On top of corrupt lending to local governments there is the newer phenomenon of "unofficial shadow banking," i.e., black-market banking. A lot of this lending is coming from non-banking firms who are looking for a way to prop up their profits as China's industrial production slows. Thus, "More than a quarter of Yangzijiang Shipbuilding Holdings' pre-tax profits came from lending, according to its recent second-quarter results. SG [Research] highlights that in several non-banking Chinese companies' recent half-year accounts, such peripheral operations have accounted for one-third of profits." And as China's central planners impose loan quotas and other regulations intended to curb excess lending to the private economy, the demand for unregulated loans from these black-market banks increases.

What could possibly go wrong? Exactly what you would expect. The Asia Times reports on the next logical step: Chinese businessmen fleeing the country, abandoning their businesses, and presumably absconding with funds, because they can no longer pay back the ruinous interest rates on their black-market loans.

China's problems have already gotten large enough that the current debate among observers is over whether the country's economy will experience a "soft landing" or a "hard landing." A Yale professor makes the case for a "soft landing," but notice that he does so entirely by reference to big macroeconomic forces and the official policies trumpeted by the central government. But any discussion of China's economy has to take into account its lawlessness and corruption. The central government doesn't have the ability or the will to exert as much control as it pretends to have. That makes a hard landing a lot more likely.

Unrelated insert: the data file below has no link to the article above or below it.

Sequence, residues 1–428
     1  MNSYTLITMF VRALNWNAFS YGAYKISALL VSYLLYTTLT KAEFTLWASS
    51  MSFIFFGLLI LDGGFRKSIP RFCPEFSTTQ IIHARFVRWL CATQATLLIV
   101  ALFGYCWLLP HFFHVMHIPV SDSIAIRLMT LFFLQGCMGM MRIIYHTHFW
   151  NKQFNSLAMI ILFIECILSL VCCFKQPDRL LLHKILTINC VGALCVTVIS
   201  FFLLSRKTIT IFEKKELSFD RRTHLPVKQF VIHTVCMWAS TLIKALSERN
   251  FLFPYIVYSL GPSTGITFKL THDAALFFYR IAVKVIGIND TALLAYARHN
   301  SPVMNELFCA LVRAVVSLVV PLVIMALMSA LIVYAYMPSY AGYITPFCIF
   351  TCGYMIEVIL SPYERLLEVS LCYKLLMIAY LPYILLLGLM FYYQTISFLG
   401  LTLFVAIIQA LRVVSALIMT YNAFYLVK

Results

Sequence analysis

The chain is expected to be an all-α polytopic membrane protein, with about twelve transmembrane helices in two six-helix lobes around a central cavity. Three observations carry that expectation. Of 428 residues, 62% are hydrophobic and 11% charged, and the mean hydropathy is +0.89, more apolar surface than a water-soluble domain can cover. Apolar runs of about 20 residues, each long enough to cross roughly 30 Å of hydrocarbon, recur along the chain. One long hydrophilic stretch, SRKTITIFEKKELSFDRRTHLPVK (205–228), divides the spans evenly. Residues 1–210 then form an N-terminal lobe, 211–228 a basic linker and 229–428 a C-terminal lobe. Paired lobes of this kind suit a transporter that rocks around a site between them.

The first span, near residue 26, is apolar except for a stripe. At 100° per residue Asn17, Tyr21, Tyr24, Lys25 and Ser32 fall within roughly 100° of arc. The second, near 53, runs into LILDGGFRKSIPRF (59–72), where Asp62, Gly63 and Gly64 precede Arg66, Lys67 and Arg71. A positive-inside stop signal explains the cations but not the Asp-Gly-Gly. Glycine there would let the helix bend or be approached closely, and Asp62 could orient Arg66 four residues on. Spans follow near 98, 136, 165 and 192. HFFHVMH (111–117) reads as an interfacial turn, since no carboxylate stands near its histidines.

It's not just China that is on the cusp of a crisis. The current era is a crisis for "state capitalism" and welfare-statism in all of its forms. It is a crisis for any system that has tried to carve some sort of "Third Way" between capitalism and socialism.

This is true of the other great recent example of "state capitalism," Russia. Leon Aron recently described how Vladimir Putin's death grip on the country has suppressed all economic activity other than state-controlled oil production. How badly has Russia decayed? The core of its ability to project power globally, its submarine fleet, is shrinking because Russia cannot produce new submarines fast enough to replace the old ones as they fall apart.

Events in China and Russia lead Michael Shuman, in his "Curious Capitalist" blog at Time, to conclude that "state capitalism" is about to be revealed as a failure. He quotes Arkady Dvorkovich, an adviser to Dmitri Medvedev, who says that those who admire state capitalism "don't know what they're saying. This way of doing things has exhausted all its potential, so we need to change policies."

As for the other main contemporary variant of "Third Way" statism, one need look only at the growing crisis in Europe to see the results of borrowing money to feed the ever-expanding benefits of a generous welfare state.